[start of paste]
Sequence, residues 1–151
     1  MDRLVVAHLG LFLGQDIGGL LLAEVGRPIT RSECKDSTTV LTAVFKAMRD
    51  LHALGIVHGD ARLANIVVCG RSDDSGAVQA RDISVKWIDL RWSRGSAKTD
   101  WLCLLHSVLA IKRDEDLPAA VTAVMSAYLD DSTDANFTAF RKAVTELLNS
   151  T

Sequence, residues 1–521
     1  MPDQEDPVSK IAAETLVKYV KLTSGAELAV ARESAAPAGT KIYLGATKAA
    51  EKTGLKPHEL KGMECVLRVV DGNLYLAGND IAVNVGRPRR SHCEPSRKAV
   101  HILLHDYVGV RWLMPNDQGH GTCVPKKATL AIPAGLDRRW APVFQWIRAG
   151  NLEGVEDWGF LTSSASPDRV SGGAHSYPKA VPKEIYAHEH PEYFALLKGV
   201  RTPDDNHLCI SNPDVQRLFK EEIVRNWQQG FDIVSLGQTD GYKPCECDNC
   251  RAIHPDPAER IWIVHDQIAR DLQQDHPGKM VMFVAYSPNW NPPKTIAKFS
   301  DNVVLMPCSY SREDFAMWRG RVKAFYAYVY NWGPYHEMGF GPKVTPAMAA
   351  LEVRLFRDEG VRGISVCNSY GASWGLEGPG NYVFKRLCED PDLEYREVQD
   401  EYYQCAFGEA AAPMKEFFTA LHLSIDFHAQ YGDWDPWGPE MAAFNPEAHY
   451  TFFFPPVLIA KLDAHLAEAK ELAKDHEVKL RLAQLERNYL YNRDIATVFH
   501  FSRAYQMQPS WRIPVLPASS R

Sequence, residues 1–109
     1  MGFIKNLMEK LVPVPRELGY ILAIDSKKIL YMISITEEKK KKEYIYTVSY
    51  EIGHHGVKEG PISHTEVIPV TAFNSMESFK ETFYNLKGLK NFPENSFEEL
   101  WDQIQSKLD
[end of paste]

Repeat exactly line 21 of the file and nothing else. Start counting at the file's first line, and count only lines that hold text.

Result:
   101  WDQIQSKLD